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Thread: Very nippy guinea pig

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    Cavy Slave
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    Very nippy guinea pig

    I have a guinea pig.. he's still a baby. But he's very nippy. I've never really had a problem with biting with my other two guinea pigs, but he bites a lot.

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    Cavy Slave
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    Re: Very nippy guinea pig

    My oldest daughters piggie would nip and even drew blood on me. I found that she nipped/bit when startled and I had to take extra care when picking her up, petting her, lap time, ect... If I moved slowly, but deliberately she was fine. Any sudden or start/stop movement and she would startle and nip. Each pig is different so take time and see if you can identify conditions that result in a nip and see what can be done to improve the situation.

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    Cavy Slave ItsaZoo's Avatar
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    Re: Very nippy guinea pig

    Mine will nip or bite if she feels cornered in a place that she can’t see out of. She’s okay in the cage if she can see out of the grids, but not in a hidey or pigloo. Also, guinea pigs in general don’t have very good vision and are easily surprised by a hand in their face so I have to make sure she sees me before I touch her. It works best if she has something like a long blade of grass or a corn husk to munch on before I pick her up. She won’t drop food just to bite me.

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    Cavy Slave Candalalala's Avatar
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    Re: Very nippy guinea pig

    Baby guinea pigs explore with their mouths too. My babies turned 5-6 months old and finally stopped trying to put their mouths on me and bite me. Now they will gently nibble my fingers and lick them.

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    Cavy Slave spy9doc's Avatar
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    Re: Very nippy guinea pig

    Keep in mind that cavies have NO dexterity with their paws and the world is explored through the mouth. It's not like a cat who can reach out and bat something away. They are prey animals and are easily startled and will often reflexively nip or bite. Now, if they are clamping down and biting hard, that is a different story.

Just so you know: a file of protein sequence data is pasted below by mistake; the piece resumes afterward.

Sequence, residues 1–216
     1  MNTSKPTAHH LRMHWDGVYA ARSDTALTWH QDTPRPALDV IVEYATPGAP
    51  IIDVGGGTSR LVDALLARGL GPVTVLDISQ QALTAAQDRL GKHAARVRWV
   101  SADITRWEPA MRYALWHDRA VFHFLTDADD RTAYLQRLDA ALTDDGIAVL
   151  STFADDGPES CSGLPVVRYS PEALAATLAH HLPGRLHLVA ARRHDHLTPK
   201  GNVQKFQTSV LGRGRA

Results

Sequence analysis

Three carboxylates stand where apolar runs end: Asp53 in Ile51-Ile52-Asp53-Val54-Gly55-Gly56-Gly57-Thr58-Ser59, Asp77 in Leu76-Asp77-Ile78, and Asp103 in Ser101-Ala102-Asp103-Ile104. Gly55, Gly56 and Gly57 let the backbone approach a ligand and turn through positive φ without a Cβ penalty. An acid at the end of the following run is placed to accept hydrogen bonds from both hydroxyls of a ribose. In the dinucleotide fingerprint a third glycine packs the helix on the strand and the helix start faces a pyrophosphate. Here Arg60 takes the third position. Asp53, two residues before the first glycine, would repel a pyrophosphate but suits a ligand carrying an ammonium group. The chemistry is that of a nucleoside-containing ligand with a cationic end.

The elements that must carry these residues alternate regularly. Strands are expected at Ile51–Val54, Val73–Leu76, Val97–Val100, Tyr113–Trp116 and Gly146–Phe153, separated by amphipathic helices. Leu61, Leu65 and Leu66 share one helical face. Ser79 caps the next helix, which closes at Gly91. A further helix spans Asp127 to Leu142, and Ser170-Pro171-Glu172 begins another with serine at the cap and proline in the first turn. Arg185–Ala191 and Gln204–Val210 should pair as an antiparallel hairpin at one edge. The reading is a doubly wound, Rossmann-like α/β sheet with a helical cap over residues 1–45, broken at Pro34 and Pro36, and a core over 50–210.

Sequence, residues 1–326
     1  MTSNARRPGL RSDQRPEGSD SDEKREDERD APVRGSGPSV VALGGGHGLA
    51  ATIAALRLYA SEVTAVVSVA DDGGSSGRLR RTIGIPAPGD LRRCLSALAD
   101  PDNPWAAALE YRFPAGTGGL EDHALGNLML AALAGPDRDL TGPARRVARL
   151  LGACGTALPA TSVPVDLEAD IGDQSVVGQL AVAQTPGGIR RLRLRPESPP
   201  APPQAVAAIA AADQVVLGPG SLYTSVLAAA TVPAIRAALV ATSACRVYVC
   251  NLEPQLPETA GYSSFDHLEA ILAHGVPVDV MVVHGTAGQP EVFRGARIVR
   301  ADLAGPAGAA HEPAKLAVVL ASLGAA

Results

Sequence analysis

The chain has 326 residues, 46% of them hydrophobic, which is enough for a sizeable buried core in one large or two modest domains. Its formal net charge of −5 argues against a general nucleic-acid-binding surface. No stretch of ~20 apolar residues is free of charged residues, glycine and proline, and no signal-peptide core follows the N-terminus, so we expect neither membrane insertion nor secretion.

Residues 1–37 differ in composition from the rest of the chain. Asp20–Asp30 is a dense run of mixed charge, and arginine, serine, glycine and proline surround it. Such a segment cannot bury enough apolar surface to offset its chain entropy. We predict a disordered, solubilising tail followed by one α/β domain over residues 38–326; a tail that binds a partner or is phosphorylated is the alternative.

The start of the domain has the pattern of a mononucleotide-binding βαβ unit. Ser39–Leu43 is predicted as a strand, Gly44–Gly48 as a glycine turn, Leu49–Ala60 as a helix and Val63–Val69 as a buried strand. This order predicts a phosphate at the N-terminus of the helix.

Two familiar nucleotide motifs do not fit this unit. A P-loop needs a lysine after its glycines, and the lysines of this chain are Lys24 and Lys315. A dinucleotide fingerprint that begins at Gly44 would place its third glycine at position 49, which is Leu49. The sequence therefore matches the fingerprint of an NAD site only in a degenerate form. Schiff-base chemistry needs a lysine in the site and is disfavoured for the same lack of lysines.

As others have suggested, it is important to move slowly and deliberately with cavies until they are absolutely secure with your voice and your touch. When I come into the room where my cavies live, I always make it a point to speak to them before I make any move to pet or pick them up. Be sure that your hands don't smell of food so that they make a mistake and lunge toward it.

    I had a boy who was a real biter......and I mean biter! I knew where he came from and that he likely had never been abused in any way........and yet, he frequently bit me. I would tap him on the nose and say sternly, "NO......no bite". Since I so seldom raise my voice to my cavies, they know that something is wrong if I do. Eventually he stopped biting and became a "licker".......much more pleasant response. It took a long, long time to gentle him because he was a high-strung, nervous little fellow who had difficulty relaxing. When we had him out for lap time, he would "sing" at the top of his lungs! So loudly that we could carry on a conversation or watch t.v. As he got older and became more trusting, the loud singing became this little sing-song voice that was uniquely his.

    Keep in mind that cavies are as different as we humans and that this little one just may require more time and patience to become totally trusting.

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    Cavy Slave
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    Re: Very nippy guinea pig

    That's a good point. I just wondered if I was doing something wrong with him, since the other guinea pigs I had aren't really biters. I hope he'll outgrow it! He doesn't bite hard or anything though.

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